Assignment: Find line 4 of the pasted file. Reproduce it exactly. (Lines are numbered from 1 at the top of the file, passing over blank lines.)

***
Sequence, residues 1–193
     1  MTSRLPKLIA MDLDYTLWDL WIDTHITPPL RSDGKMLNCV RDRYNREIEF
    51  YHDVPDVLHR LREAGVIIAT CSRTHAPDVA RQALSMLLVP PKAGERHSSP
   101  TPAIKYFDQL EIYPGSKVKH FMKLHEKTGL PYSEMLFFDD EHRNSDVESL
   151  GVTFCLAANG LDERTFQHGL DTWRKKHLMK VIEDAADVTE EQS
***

   101  TPAIKYFDQL EIYPGSKVKH FMKLHEKTGL PYSEMLFFDD EHRNSDVESL